8002 – The Mathematical Foundations of Risk Management

Risk Management

The Professional Risk Managers’ International Association, also known as PRMIA, is a worldwide leader in providing solutions for risk management, with over 88,000 registered members in 210 different countries. PRMIA offers all the resources and programs risk managers need to enhance their skills and knowledge, as well as have them get recognized worldwide. They offer 2 different certifications: the Professional Risk Management certification and the Associate Professional Risk Management certification.

The Professional Risk Management certification, also known as the PRM, recognizes the risk manager’s skills and knowledge as the highest standard in the field. For candidates to receive this certification, they must pass 4 exams. The focus of this article is the second exam, the Mathematical Foundations of Risk Management exam, also known by its exam code, 8002 Exam.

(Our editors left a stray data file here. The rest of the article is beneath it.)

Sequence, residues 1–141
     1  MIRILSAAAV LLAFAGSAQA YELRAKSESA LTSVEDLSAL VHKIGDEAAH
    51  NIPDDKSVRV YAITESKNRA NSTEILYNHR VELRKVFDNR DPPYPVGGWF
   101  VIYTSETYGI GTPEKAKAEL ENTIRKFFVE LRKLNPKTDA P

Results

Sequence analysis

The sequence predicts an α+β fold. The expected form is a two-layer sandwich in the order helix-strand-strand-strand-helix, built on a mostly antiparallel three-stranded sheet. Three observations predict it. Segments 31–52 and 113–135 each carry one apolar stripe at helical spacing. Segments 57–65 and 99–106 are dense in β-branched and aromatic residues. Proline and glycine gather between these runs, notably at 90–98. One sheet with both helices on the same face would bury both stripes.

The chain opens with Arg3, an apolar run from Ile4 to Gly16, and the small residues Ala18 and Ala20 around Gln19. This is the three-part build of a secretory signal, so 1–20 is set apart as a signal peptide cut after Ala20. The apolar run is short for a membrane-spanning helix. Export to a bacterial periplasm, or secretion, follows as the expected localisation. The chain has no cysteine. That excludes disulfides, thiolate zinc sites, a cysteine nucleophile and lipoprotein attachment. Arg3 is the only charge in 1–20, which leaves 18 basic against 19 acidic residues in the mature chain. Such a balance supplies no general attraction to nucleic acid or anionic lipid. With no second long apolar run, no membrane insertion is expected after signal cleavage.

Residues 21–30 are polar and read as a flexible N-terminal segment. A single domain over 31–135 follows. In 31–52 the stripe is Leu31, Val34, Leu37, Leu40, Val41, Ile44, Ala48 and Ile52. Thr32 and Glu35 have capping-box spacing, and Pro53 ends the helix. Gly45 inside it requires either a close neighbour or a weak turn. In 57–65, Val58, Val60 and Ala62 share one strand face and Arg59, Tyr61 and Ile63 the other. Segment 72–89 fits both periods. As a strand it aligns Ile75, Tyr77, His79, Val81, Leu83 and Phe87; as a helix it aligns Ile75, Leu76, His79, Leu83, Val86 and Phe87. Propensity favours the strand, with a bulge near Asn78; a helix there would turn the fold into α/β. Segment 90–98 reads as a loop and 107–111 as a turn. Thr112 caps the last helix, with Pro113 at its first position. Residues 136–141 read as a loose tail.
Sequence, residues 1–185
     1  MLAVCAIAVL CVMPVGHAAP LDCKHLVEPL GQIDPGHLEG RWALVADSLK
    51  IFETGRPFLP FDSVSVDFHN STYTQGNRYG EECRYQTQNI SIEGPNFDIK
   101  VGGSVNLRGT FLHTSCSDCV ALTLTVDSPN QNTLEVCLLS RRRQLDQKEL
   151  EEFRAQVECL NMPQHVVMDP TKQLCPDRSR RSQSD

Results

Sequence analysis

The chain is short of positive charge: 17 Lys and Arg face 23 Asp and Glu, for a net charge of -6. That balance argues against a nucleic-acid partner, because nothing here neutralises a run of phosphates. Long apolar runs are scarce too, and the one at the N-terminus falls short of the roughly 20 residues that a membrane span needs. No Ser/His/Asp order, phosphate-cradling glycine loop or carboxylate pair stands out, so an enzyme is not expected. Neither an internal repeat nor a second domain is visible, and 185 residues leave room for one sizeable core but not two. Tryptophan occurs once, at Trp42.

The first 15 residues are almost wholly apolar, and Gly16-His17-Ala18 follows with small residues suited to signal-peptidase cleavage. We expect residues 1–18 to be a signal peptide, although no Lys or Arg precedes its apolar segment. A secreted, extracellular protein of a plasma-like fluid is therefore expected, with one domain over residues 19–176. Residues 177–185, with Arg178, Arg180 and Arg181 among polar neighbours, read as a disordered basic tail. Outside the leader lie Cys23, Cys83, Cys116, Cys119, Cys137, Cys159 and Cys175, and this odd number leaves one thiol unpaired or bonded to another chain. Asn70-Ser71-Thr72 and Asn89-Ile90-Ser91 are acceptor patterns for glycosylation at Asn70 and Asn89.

Overview of EXAM II


EXAM II of the PRM certification is all about the knowledge and understanding of the mathematical foundations of risk management. It is essential for the risk manager to assess risks, which can go beyond the quantitative. Despite that, these risks are immeasurable unless they are quantifiable. This exam may feel like there is a heavy usage of mathematics, but it is in fact designed to test candidates with little to no mathematical background.


Coverage of EXAM II


According to the study guide PRMIA Exam has provided for the PRM exams, EXAM II will cover 7 different topics that relate to quantitative risk management. The following chapters are:

  1. Foundations
  2. Descriptive Statistics
  3. Calculus
  4. Linear Mathematics and Matrix Algebra
  5. Probability Theory
  6. Regression Analysis
  7. Numerical Methods


Foundationscovers the fundamental mathematical concepts. This includes the symbols used as well as the rules of arithmetic, equations, inequalities, functions and graphs.

Descriptive Statisticscovers the commonly used statistics that summarize the historical characteristics of financial data.

Leave a Reply